“This would not set precedent. This is the last permit the town would approve. It’s water under the bridge. It doesn’t matter what Burlington Homes did. What matters was what was approved for the Stevenson. Nothing has really changed. There shouldn’t be anything else to reconsider,” he said.
Corey-Whitman has said in her opinion, the Stevenson application should be denied because it does not meet the town’s setback requirement. However, she warned, if the applicant appealed, based on the precedent set by the Burlington Homes application, Stevenson Enterprises Inc. would “most likely” win the appeal.
The town’s attorney has also weighed in with her opinion that some Planning Board members say does not help clarify the issue.
In the letter dated July 27 to Corey-Whitman from Mary Costigan of Bernstein Shur, Costigan said, “The ordinance does not appear to allow a waiver from the setback requirement, so the 250 feet must be met. Any prior approvals for a similar facility do not change setback required by the ordinance. Rather than relying on prior approvals, the applicant and the Planning Board are required to rely on the clear language set forth in the Ordinance.”
According to Hanley, the mistake made in the Burlington Homes permit wasn’t discovered until he was reviewing that application while preparing one for Stevenson Enterprises that was submitted to the Planning Board in April.
Hanley said his investigation into Burlington’s application showed the applicant had not complied with the setback rules. He said if he had known before the application submission, he would have told his client to forget it because they didn’t meet the setback requirements.
Further complicating the issue is the disagreement between Planning Board members and the two attorneys as to whether the board approved the Stevenson permit conditionally in April.
“My understanding was it was conditional upon getting full security measures in place,” said Hanley.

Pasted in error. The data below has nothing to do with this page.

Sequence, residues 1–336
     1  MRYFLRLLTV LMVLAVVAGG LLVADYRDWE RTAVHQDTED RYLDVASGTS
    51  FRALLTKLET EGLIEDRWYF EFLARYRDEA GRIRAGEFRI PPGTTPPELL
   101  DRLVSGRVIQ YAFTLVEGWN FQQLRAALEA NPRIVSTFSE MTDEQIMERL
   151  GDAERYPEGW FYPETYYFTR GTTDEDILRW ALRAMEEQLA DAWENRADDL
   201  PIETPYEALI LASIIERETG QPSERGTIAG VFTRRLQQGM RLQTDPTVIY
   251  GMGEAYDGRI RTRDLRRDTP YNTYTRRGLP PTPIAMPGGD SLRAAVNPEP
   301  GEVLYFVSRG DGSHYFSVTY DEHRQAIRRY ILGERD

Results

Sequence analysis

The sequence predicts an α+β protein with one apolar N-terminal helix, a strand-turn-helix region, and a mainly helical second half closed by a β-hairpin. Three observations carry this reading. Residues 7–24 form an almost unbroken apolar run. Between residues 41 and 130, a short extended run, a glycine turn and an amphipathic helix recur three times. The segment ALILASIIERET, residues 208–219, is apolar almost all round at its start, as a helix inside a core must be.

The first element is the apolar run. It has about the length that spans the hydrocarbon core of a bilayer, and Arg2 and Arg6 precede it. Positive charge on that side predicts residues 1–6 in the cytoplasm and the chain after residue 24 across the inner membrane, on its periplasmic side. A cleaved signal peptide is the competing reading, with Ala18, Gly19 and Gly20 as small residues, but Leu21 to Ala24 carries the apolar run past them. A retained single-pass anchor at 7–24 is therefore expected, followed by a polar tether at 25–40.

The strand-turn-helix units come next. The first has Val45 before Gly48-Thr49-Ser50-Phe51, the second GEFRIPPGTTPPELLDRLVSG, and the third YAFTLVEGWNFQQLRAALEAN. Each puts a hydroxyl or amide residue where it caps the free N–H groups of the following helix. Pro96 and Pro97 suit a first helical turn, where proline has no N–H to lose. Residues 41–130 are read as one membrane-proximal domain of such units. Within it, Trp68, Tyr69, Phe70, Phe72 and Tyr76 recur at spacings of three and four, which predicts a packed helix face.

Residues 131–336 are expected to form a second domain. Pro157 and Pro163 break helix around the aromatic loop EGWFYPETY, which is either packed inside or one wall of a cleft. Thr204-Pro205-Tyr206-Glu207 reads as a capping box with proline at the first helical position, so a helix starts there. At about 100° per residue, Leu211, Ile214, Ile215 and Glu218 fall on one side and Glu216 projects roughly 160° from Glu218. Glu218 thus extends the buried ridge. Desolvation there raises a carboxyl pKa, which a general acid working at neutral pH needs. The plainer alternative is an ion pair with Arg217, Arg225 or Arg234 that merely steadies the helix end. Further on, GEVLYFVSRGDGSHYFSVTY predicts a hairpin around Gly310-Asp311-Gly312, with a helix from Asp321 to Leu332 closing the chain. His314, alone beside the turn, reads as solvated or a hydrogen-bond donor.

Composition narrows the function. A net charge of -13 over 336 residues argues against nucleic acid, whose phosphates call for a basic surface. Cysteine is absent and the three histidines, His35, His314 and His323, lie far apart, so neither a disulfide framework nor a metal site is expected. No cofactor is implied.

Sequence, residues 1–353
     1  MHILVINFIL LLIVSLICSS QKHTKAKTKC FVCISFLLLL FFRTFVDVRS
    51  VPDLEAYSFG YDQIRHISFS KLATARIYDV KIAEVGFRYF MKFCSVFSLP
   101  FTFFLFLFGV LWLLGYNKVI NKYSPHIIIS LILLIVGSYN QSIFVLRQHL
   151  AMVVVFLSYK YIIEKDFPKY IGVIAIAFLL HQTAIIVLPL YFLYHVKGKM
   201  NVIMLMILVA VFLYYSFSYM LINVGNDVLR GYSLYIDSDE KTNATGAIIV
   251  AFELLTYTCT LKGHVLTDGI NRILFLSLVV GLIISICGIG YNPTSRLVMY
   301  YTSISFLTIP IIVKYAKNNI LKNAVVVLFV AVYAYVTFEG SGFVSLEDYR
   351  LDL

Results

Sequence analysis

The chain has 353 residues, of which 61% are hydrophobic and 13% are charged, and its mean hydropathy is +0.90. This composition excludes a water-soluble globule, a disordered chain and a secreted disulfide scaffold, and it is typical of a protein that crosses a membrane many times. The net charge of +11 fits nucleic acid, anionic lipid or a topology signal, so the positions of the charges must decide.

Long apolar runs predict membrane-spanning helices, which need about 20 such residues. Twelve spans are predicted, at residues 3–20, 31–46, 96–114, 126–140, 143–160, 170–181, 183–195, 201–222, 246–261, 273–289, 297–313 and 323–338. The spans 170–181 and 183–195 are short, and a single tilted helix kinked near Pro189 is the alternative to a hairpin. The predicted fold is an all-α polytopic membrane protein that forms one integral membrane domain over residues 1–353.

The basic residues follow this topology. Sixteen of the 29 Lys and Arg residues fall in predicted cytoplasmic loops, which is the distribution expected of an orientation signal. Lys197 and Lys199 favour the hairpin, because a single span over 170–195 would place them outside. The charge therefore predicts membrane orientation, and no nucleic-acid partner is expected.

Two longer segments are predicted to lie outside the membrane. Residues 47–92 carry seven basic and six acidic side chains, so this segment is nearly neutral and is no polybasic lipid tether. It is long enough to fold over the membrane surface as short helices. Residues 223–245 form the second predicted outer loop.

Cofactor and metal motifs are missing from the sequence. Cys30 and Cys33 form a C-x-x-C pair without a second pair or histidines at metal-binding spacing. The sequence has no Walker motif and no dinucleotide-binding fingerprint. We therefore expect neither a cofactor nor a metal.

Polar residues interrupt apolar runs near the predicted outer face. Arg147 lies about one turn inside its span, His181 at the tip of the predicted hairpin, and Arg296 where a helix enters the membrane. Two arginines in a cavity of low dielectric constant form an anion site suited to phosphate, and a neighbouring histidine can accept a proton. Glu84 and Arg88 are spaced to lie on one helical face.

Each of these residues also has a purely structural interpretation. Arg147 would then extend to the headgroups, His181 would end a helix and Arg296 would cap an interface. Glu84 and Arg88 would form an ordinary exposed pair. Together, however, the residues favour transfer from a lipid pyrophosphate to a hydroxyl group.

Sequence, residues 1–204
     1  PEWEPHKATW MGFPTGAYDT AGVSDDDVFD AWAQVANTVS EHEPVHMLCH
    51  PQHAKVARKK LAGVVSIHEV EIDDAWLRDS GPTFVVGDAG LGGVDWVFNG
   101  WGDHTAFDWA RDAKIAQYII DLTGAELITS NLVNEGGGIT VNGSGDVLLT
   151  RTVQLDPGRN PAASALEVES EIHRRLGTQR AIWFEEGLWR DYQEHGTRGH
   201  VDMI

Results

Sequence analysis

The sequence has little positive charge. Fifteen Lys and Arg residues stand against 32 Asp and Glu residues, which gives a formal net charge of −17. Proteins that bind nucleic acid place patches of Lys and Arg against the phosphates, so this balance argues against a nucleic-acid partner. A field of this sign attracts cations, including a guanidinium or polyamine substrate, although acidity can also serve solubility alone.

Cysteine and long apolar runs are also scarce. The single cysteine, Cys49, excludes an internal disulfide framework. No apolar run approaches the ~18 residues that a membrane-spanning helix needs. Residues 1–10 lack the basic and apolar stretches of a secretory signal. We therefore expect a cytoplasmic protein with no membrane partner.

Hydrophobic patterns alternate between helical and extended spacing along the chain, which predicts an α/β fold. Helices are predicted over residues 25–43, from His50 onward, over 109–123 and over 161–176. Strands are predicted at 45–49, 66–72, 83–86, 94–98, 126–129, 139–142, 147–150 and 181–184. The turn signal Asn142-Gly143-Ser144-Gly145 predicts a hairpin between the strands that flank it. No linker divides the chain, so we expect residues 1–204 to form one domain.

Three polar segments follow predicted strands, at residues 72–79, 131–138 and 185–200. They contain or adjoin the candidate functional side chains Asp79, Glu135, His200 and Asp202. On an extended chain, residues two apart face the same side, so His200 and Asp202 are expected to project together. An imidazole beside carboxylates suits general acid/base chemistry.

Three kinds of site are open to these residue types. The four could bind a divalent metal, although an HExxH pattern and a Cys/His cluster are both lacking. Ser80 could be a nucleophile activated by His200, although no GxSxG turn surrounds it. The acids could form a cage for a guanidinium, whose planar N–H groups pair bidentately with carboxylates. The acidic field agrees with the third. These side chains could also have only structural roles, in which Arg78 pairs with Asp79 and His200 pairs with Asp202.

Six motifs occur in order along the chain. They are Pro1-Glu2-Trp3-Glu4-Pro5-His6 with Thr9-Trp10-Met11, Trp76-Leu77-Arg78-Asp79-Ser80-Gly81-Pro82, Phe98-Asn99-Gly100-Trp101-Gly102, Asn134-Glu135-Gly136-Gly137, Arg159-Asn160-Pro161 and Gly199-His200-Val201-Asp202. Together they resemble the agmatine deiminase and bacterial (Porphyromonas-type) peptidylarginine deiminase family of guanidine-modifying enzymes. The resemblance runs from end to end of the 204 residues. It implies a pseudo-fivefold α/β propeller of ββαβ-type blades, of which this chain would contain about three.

“It’s a difficult position to be in,” said Hanley. “This is not the best position for the town to be in. That’s the reality. It’s a difficult position to be in because a precedent has been set.”
Wilson urged the board to consider letting the application stand.
“Sometimes the easiest path is the one of least resistance. … Let it stand … a peaceful way to just let it go,” he said, noting there have been no abutters present to object to the application.
The only resident present, Tom Cushman, said in his opinion, “Everyone took everything for granted. A lot of mistakes were made here. Nobody did any double checking. You guys are about three feet down the toilet. All you need is one bubble and you’re gone.”
Davis said, “I don’t disagree. Maybe we should have done some double checking. The way the town used to run, a lot of things didn’t go right. There no excuse for how it plays today … we’re all struggling.”
The board will meet again on Aug. 10 with Attorneys Hanley, Wilson and Costigan to continue its discussion and open up discussion on the site plan application of the tenant who wishes to use the building for a grow site.
Oxford is one of a number of Maine towns that decided to restrict the number of permits it would issue for medical marijuana grow facilities.